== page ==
It was June 4, 2005 when I made a decision that has haunted me for years.  As usual my squad was on site at Al-Nasir Police Station on Route Bravo.  Route Bravo was a divided road with two lanes of traffic on each side of the concrete divider.  Nasir was a dangerous station as it was deep in the city and was the lowest building around.  However, the real danger at Nasir was getting in and out of the station.  The parking area was completely enclosed and could only be accessed by a sliding door in the front right of the station.  The parking area had covered areas to the left and rear and was full of Iraqi Police vehicles.  The only way to get the armored trucks inside the parking area was to stop traffic on Route Bravo and back the vehicles in the station.  This street was always packed with cars and people as it was an access point to the Sadr City Market. 
By June, I had done this a thousand times and became comfortable with the danger level.  As always, my vehicle was the lead vehicle.  I would have my driver and gunner mount up in the vehicle while I would walk out in the middle of traffic to halt the flow.  Most of the time I would not even need to raise my weapon to stop the vehicles. On this day in June that was a different story.  The first two lanes of traffic stopped immediately so I continued across the concrete divider and into the other two lanes.  As I looked to the right, traffic began to stop except for one vehicle.  I raised my hand and shouted “Awgalf”, the Arabic word for stop.  The vehicle kept coming.  I raised my weapon and again shouted “Awgalf” but still the vehicle kept coming.  I switched my selector level from safe to semi and heard the metallic click.  I can still feel my heart beating out of my chest as I slide my finger over the trigger.  The vehicle kept coming.

The seconds that passed seemed like hours.  I aimed at the driver’s windshield and gently pulled the trigger to the rear.  I don’t remember hearing the weapon fire.  The only thing I remember is the metallic click the weapon made when I released the trigger.  Before I even looked down the barrel of my weapon at what had just occurred my mind caught up with my body.  Something felt off about what had happened.  I knew subconsciously that my mind made a decision my body could not.  It was as if my body was in the fog of war and only knew how to react.  At the same time my mind was clear and was still able to act upon the morals buried deep inside me.  There was something very different about this incident, I just didn’t yet know what I would soon find out.  I looked at the vehicle down the barrel of my weapon and it had veered off onto the sidewalk stopping in the middle of pedestrian traffic.  By this time my squad leader was standing next to me and we moved out with a fire team to do damage control as the crowd flocked around the vehicle.  I was the first to see what had happened.  The driver of the vehicle was a small boy.  I didn’t have to wait for the interrupter to tell me what had happened as I could already see.  The boy could not reach the brake pedal and that is why he could not have stopped.  My round was off target as it was a child and not an adult driving the vehicle.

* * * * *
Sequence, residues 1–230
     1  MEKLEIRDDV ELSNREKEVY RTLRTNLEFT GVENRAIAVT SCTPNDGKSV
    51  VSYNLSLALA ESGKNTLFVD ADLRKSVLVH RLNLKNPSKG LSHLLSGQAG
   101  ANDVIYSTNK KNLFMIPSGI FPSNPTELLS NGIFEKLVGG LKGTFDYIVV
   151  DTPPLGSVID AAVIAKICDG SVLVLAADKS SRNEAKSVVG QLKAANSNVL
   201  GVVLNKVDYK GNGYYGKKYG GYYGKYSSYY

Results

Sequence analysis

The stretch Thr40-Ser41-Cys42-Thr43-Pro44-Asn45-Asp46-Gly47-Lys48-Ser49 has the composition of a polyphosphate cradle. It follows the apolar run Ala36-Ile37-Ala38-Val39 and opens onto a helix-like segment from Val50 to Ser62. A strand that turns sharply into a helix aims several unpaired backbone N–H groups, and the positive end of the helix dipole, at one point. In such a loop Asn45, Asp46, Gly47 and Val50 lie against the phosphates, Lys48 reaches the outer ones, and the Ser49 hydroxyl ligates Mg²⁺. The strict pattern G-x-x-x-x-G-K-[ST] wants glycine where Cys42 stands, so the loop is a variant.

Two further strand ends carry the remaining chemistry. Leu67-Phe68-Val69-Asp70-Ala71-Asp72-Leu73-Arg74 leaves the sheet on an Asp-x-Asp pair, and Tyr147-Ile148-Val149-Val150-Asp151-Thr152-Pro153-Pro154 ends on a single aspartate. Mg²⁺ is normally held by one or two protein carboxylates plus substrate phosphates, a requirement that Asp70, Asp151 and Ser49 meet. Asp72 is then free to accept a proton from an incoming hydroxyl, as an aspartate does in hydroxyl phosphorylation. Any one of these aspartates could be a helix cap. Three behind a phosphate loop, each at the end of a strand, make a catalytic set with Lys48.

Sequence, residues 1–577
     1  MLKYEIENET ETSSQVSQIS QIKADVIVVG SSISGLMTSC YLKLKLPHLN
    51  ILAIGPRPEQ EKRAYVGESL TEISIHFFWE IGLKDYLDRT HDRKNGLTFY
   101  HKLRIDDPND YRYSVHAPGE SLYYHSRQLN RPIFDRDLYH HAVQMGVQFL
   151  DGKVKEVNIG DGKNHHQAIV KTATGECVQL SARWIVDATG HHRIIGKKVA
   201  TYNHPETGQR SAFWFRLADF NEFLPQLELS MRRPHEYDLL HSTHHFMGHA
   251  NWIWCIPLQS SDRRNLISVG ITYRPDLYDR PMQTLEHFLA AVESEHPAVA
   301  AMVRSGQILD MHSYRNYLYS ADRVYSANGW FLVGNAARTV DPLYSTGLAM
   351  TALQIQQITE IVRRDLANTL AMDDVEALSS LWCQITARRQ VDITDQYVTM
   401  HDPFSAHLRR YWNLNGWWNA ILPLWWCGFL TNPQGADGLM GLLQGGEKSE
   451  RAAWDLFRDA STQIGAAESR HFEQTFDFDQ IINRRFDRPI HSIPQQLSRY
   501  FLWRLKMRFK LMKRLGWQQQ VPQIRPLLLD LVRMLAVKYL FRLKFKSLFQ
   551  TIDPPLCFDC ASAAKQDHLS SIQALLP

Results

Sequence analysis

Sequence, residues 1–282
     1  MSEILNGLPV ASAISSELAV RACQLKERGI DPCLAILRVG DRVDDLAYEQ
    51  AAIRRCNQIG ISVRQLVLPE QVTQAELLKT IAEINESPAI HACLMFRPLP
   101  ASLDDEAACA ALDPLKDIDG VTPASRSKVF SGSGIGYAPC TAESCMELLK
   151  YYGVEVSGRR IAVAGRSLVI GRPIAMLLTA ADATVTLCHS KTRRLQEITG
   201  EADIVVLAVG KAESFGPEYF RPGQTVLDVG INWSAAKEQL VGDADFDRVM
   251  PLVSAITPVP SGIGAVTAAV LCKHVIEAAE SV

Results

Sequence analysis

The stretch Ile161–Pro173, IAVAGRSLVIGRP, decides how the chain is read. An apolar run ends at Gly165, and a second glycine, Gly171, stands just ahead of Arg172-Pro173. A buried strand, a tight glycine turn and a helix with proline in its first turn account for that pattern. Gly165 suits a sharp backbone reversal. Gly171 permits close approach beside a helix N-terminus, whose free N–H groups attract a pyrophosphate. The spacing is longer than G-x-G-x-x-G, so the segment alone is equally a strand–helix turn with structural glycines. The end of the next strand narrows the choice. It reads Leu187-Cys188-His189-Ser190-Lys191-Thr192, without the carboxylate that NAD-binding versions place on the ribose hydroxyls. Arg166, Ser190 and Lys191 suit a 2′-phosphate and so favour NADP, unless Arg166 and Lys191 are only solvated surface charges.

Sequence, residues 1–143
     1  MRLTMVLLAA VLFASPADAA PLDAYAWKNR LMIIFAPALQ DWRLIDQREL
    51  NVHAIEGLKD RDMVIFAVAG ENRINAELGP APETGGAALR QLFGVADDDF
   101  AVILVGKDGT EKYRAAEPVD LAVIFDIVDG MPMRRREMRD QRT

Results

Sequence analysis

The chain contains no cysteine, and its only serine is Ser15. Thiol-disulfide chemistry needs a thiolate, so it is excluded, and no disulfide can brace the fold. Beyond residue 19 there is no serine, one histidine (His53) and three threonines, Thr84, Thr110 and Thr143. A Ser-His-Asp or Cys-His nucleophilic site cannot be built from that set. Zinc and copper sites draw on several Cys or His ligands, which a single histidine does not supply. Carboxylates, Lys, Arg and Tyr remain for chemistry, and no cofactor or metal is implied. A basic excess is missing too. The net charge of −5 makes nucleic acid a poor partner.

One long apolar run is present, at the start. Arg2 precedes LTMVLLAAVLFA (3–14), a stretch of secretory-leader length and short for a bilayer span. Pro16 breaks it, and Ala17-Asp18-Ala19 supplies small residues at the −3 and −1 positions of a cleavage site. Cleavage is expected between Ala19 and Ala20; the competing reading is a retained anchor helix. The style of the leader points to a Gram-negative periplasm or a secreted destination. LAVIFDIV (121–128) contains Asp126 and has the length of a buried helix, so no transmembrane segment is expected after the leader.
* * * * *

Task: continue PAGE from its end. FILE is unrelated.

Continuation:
This event still gets to me, if it wasn’t a boy in the truck but a man with a truck full of explosives and I didn’t take the shot, me and my men would be dead.  If it was a six year old boy who couldn’t reach the brake pedal and I did take the shot, I just killed an innocent young boy.  I cannot answer why my shot was off.  I also cannot justify why I waited so long to pull the trigger.  I should have had enough time to fire a shot into the grill before the windshield but I hesitated.  This hesitation could have caused me my life or the men in my squad their life.  I still constantly think about it.  There are other days that haunt me in my down time and in my sleep but I will not subject you to all of my horrors.

           In my years since deployment I have struggled with how to handle some of the things that haunted me. I wanted to share what has worked for me in the hopes that someone else would read this and maybe it could work for them. The method I used was writing out the scenario that haunted me including every detail. I would right the scenario much like a movie script as capturing every detail was not an issue for me. As I closed my eyes the movie began and I could remember it like it was yesterday. This is not easy to do and I understand that but once you get through it the healing process can begin. Once you have written your story do some relaxation technique. I have an excellent 15 minute CD that relaxes my entire body and mind. The next part is the hard part and for me I used someone I trusted to help me. I would place a large rubber band on my wrist. Then I would read the story aloud to the other person in the room. The other person’s job was to watch my reaction and listen to the tone of voice. Once it started to become where I was getting aroused the other person would snap the rubber band on my hand. This immediately stopped my thoughts of the story. However, I would have to do the relaxation exercise to bring me back to reality. After the first few times I was able to practice this on my own. This was a long process but it has allowed me to control my thoughts instead of the thoughts controlling me. I will never be able to forget my experiences but I can put them in the closet and close the door. I chose when the door opens now. I will admit at times the door surprises me but I used some of the tools I have learned to put it back into the closet.